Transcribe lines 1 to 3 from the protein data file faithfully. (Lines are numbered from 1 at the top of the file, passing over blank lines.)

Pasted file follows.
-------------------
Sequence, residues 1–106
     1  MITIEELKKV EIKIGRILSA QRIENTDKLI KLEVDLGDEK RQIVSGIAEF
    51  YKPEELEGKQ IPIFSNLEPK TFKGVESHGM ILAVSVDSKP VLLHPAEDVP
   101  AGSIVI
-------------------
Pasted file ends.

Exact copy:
Sequence, residues 1–106
     1  MITIEELKKV EIKIGRILSA QRIENTDKLI KLEVDLGDEK RQIVSGIAEF
    51  YKPEELEGKQ IPIFSNLEPK TFKGVESHGM ILAVSVDSKP VLLHPAEDVP